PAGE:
You can repeat the pattern until you have completed four Pomodoros then you take longer breaks of about 15 to 20 minutes. Try this for 30 days, even if it is just one round a day until you can build up to another and then another. Track if you are able to accomplish more than you typically do in your workday, or that you were able to cut down some of your overtime hours.
If you find that 25 minutes is too challenging, begin with a shorter work time (like 15 to 20 minutes) and longer rest breaks (10 minutes) until you get more comfortable with the cycle and feel you can accomplish what you set out to do.
These work-rest intervals are referred to as “Pomodoros.” Think of it as interval training or short bursts of exercise that you do at the gym, except this is a mental exercise of focus and control over what you are working on, so you can complete it.
In this day and age of more and more automation, it’s important that we teach our brains not to rely so much on technology or wait to be stimulated by notifications and alerts. We have to practice how to connect to our thoughts and ensure we focus on the task at hand by our own initiative and cognitive ability.
Remember, you don’t need to work longer to be more productive. The key is to work smarter, and by focusing on mindfulness at work, you can better utilise your full mental capacities, to do more in less time and feel better overall.
When you work remotely you need to set aside time for yourself, so that you can work peacefully without getting interrupted. You need to be open about your time so that your colleagues do not interrupt you. This helps to maintain your concentration and do not get distracted.
When you work remotely, structuring your plans and work is an important aspect. Planning ahead helps all the other team members cope up with the work and understand the future scope of the work. Remote workers also tend to miss out on the subtle feedback cues that often exist in an office environment to recognise progress, therefore having a plan with a schedule and deadlines is necessary to measure output and effectiveness for Remote Workers. This same approach makes it possible for Remote Workers to plan and schedule their days effectively so they can figure out the time for work, communication, and their personal lives as well.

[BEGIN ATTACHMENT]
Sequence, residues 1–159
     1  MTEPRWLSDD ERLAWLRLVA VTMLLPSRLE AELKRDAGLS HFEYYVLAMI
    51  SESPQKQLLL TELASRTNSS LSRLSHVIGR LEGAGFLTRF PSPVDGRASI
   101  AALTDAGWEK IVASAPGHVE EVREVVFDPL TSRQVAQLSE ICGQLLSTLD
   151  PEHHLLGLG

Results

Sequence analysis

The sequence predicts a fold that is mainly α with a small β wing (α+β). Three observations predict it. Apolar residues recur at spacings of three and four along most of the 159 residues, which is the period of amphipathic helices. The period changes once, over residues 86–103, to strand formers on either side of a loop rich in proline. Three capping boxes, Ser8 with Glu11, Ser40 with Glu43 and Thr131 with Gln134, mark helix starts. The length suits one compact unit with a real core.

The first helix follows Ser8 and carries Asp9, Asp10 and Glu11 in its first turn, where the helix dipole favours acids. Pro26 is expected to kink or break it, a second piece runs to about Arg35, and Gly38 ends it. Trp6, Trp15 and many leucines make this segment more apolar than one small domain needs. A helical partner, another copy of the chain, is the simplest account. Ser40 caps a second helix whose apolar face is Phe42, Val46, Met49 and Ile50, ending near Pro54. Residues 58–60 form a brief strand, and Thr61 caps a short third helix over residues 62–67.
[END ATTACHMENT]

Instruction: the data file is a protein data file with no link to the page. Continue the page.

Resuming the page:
Use technology to your advantage
Remote workers have a large dependency on technology for their work, as well as for their communication. Mastering the technology you use when working remotely is a great skill to practice. Not only will it allow you to be efficient in scheduling meetings and managing your time, but it will also improve your confidence as a Remote Worker. It might appear trivial, but confidently knowing how your webcam, microphone and speakers or headphones work will save you from the embarrassment and frustration that often affects those working remotely for the first time.
“Stop wasting the first 10 minutes of every video call figuring out the technology!”
Beyond understanding the hardware you use, make a list of the important software you use in your role as a Remote Worker and set time aside to master the use of this software. This could likely include tools such as Microsoft Team, Zoom, Go To Meeting, Slack, Trello and others. Practice with your friends. Invite them to a video call, share your screen, mute them, draw on the virtual whiteboard. Knowing how to do this effectively and effortlessly will make a significant difference in your professional confidence at working remotely.
Schedule regular check-ins
Regular check-ins are necessary when it comes to remote working. Although you are available daily in group chats, setting up regular and frequent video conferencing check in’s is a good idea. Personally I like to schedule one a day for 30 minutes to bring the distributed team together. It helps everyone to stay on the same page and gives them an outline of their responsibilities. I also remain available for the following 30 minutes if anyone in the team wants to discuss anything with me directly. We’ve all heard of an “open door” policy. When you’re working remotely from everyone, it’s important that the team know they can come to you any time and by allotting a specific time, it both reminds and encourages the team members that you’re available. Having an allotted time also has the additional benefit of minimising the “out of the blue” calls and ensures I can have my own focus time to work on my own tasks.
When you first transition to remote working, it may initially feel like you’re doing the same work but from a different location. However, you’ll quickly encounter the differences between working in an office and working remotely. Developing the skills, habits and techniques to Be Effective Anywhere will make a huge difference in the levels of fulfilment, satisfaction and enrichment you feel when working remotely.
Author: Jason Ferguson – 9th April 2020